During our time in Barbados we anchored in Carlisle Bay in front of the capital Bridgetown. 50$ (Barbados Dollar) per night are called for the marina in the village, for this you get electricity, water and a public toilet. You are also in the middle of the city - not what we had in mind.
We anchored as close as possible to the beach bars and also had some WiFi reception there. Some have open networks, others can buy the wifi code with a beer. However, you also buy some disadvantages, because loud music is played late into the night in many of the beach bars. We could hear them on board the Sissi.
With the dinghy you can drive from here to the city center in 10 minutes. We did this several times a day, on shore excursions or for the supply trips to the supermarket.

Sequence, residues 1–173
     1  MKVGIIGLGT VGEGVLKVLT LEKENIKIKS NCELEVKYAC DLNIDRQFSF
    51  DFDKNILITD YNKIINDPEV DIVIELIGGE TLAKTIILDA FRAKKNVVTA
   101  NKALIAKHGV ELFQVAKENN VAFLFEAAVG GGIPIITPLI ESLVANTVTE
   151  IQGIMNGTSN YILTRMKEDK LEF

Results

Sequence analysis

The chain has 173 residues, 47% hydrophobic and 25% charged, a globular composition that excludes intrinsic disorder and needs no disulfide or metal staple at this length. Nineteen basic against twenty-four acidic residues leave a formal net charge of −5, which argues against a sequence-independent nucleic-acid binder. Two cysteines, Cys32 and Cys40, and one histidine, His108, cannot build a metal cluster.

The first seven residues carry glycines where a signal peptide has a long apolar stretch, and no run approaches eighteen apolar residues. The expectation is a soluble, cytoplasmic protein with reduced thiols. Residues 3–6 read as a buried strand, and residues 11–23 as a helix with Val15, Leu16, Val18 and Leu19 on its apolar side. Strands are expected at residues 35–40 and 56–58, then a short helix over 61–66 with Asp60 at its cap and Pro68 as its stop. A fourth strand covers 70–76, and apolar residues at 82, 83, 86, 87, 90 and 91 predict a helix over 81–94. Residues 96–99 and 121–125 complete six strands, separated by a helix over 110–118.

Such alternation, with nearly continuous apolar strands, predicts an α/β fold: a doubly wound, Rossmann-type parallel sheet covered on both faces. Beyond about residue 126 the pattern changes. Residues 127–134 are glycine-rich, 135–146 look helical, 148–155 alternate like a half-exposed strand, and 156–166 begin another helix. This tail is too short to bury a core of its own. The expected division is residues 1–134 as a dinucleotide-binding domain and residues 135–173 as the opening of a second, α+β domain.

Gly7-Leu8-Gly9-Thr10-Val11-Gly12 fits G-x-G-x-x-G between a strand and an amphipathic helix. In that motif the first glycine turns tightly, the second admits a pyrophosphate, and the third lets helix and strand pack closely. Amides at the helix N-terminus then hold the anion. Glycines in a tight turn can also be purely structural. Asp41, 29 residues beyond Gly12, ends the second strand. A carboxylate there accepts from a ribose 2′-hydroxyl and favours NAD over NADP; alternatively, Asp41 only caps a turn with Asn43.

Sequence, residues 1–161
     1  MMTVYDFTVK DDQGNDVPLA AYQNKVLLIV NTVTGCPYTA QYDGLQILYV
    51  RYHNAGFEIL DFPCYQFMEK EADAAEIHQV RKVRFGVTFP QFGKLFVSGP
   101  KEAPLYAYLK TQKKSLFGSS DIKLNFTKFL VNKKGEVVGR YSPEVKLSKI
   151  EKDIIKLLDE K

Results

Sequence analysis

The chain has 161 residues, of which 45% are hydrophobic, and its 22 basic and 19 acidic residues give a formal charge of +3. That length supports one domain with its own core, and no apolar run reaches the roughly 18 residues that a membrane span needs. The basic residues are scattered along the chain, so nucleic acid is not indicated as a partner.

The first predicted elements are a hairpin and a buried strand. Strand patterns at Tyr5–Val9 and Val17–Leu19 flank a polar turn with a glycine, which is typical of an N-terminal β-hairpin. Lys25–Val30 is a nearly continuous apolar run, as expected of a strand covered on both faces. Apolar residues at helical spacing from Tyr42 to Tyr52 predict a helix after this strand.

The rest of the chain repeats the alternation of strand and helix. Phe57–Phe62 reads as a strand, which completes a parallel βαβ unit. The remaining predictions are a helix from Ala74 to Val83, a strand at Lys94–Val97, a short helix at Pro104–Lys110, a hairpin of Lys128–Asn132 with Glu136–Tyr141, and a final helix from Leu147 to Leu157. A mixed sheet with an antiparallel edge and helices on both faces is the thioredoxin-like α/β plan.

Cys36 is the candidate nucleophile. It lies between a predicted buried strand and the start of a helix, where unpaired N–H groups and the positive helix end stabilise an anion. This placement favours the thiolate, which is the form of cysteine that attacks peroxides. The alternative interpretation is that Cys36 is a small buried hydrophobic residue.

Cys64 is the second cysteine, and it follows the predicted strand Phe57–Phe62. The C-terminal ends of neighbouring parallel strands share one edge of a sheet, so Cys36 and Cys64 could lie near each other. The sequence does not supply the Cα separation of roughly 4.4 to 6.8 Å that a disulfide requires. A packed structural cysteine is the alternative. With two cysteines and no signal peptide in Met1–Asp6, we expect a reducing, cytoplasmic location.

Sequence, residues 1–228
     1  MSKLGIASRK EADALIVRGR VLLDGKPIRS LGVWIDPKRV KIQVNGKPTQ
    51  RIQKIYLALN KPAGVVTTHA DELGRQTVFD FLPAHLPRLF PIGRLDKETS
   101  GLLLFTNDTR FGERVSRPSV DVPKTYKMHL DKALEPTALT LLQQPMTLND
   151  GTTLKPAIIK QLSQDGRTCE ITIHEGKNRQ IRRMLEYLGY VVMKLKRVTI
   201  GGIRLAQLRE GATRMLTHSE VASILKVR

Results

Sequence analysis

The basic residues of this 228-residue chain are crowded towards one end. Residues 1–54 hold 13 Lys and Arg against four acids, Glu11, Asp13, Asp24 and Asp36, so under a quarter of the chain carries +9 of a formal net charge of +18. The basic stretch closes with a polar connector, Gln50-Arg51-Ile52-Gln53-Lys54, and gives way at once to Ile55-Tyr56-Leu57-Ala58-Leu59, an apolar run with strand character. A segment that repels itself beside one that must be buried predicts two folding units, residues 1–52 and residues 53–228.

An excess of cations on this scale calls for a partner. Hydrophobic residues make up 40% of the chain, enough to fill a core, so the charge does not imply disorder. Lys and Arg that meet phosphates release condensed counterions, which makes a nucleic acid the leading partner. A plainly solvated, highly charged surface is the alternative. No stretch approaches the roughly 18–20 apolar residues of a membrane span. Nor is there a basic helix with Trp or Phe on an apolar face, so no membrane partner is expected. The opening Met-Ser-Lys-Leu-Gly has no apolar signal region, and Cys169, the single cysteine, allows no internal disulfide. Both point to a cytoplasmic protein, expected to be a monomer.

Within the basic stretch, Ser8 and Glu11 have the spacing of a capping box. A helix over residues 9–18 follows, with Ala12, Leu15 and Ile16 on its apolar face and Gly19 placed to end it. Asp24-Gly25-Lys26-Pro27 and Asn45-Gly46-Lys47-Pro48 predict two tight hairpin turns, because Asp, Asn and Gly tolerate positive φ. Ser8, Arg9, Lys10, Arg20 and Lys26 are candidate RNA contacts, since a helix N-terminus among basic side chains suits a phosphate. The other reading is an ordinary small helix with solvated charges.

Hell is going on in the city during the day, especially when some crusaders are in the crusader port. Six of these sooty beasts fit in there, we saw up to five in one day. Then you only step on the feet of red-burned Americans in the city.
What has always happened in the Caribbean is that it rains terribly heavily from the sky. Heavy rain events are just as important here as the daily fish from fish market.
In one day, on January 21st, the whole city was dead. It was the birthday of Errol Barrow, the first Prime Minister of Barbados after independence. The Barbadians still love him today, and he was at the top of the government in various positions for about 30 years. The day is one of the most important holidays here.
What does the Barbadian do on public holidays? He does what he does on weekdays - unless he has a job. Unemployment is not as bad as on some other Caribbean islands, but you can still see many men in roadside bars that have a few glasses of rum in their stomach before lunch.
I like Bridgetown. We have always had quick contact with the locals. As white tourists who have not arrived by plane or by cruise ship, we enjoy our exotic status.